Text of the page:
Neurovance Inc. today announced interim results from its phase 2a pilot study of EB-1020 SR in adult patients with all subtypes of ADHD. With the four week trial fully enrolled and dosing completed in the majority of patients, the results indicate a statistically significant improvement in ADHD symptoms. The 40 patient trial was led by Dr. Andrew J. Cutler at the Florida Clinical Research Center and is the first evaluation of the safety and efficacy of EB-1020 SR in a patient population.
The trial was a flexible-dose single-blind placebo lead-in design exploring doses ranging from 300 to 500 mg/day given as a divided dose BID. Specifically, the interim results demonstrated a 21.5 point improvement in the primary outcome measure at week four, a reduction in ADHD symptoms compared to baseline as measured by the ADHD Rating Scale IV (ADHD-RS-IV). These findings were statistically significant (p<0.0001). Additionally, improvement in ADHD symptoms was observed quickly, with 80% of the peak benefit observed by the second week of therapy.
"We could not be more pleased by these interim results," said Anthony A. McKinney, President and CEO of Neurovance. "By week four, 72% of all patients meet the generally accepted definition of a responder on two validated scales, the CGI-I and the ADHD-RS, and EB-1020 SR has been safe and well-tolerated thus far with most adverse events reported as both mild and transient."
The level of reduction in ADHD symptoms with EB-1020 SR was comparable to that observed in other adult ADHD trials investigating standard stimulant medications under similar trial conditions. EB-1020 SR, a triple reuptake inhibitor, modulates norepinephrine (NE), dopamine (DA) and, to a lesser extent, serotonin (5-HT) reuptake in a ratio of 1 to 6 to 14. EB-1020 SR has shown a low risk of abuse potential in preclinical studies and does not appear to be rewarding in man.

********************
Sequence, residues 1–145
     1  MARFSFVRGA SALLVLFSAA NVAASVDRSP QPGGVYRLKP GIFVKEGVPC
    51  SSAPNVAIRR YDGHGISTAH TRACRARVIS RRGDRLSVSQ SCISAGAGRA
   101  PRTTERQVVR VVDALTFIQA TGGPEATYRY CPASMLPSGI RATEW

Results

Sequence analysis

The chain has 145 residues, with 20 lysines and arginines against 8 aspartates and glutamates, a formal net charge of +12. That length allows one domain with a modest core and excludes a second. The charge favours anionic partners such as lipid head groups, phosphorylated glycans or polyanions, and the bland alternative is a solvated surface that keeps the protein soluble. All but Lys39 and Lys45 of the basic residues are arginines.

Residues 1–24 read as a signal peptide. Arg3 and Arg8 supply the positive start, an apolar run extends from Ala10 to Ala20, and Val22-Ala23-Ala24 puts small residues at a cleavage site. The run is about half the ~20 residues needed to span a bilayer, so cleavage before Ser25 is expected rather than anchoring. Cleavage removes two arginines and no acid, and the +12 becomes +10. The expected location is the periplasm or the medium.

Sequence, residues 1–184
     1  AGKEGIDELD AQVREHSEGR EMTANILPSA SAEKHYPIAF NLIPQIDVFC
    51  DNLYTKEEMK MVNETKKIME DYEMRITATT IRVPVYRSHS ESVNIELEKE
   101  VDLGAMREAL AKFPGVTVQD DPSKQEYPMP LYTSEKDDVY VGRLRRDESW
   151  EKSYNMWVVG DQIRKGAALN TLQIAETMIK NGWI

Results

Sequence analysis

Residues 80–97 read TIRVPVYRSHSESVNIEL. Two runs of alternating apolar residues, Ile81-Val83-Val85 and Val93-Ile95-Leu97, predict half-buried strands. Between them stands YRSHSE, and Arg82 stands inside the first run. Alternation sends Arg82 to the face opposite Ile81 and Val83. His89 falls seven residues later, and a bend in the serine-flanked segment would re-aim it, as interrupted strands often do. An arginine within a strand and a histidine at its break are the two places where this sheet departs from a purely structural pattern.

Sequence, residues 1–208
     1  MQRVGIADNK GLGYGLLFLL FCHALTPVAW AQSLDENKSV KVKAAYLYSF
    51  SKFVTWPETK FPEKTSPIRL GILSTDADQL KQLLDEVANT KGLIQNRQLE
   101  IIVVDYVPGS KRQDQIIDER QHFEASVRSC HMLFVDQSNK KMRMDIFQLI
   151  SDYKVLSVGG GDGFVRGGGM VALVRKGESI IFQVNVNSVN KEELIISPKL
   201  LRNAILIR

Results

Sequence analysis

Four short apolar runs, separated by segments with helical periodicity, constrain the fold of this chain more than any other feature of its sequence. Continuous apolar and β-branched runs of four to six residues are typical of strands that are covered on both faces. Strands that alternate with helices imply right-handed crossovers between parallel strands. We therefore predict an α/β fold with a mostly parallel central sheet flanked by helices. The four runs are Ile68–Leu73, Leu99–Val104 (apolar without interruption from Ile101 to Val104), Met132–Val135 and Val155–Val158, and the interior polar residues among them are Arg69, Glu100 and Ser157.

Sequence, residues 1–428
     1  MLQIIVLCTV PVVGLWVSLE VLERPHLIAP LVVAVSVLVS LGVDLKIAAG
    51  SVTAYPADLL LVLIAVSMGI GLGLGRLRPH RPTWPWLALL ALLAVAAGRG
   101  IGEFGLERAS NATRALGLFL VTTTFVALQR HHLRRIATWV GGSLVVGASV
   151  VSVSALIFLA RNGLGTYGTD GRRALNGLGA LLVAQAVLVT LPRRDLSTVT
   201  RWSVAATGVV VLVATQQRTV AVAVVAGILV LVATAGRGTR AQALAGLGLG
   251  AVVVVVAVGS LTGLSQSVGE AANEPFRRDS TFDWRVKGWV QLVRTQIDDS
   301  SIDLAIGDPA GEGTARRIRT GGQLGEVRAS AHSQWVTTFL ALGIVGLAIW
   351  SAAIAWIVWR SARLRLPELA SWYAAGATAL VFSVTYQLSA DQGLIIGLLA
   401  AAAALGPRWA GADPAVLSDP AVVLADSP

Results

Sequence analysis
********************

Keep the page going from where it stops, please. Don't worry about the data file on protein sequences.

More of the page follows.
"EB-1020 SR is a hybrid between the stimulants and the non-stimulant, norepinephrine-only approach to ADHD," said Frank P. Bymaster, Chief Scientific Officer of Neurovance. "I was involved in the development of atomoxetine, the first non-stimulant approved for ADHD so I understand the strengths and the weaknesses of a norepinephrine-only medication. At the same time, stimulants are effective but they have issues as well. That is why we are excited about this hybrid approach: a potentially more effective non-stimulant with less risk of drug abuse or diversion than stimulants for adults with ADHD."
Adult ADHD affects as many as 10 million people in the US alone. In adults it can be a serious condition and can severely impair executive function, the ability to organize and plan effectively, hold a job, maintain a long-term relationship or even to safely drive a car. In adults, 75% of ADHD patients have at least one other psychiatric disorder alongside their ADHD. Neurovance is exploring EB-1020 SR's effects on several comorbidities including executive function, mood and emotional dysregulation as secondary endpoints in this study. Complete results from the trial are expected by the end of the first quarter 2014.
"Given the pernicious effects of untreated ADHD, novel treatment options are sorely needed for adults with the disorder," said Timothy E. Wilens, MD, of Massachusetts General Hospital and a leading ADHD expert. Dr. Wilens added, "These preliminary results of EB-1020 SR on ADHD symptoms and overall outcome are very encouraging and certainly warrant further exploration."
EB-1020 SR has shown a low risk of abuse potential in preclinical studies. Other triple reuptake inhibitors in development have been evaluated and have consistently demonstrated a low risk of abuse potential. Although a definitive abuse liability study has not yet been initiated with EB-1020 SR, a less restrictive level of scheduling, compared to stimulants, is anticipated.
According to IMS Health, the US ADHD market was valued at $10.4 billion in 2012, and is one of the fastest growing US pharmaceutical markets. The US prescription market is roughly equal in size between adults and children; however, prescriptions are growing at a rate nearly three times faster in adults. Although ADHD markets outside of the US are less well developed, they are growing rapidly. In 2012 IMS reported ADHD sales growing from $569 million in 2007 to just over $1 billion in 2011, a 16% compound annual growth rate.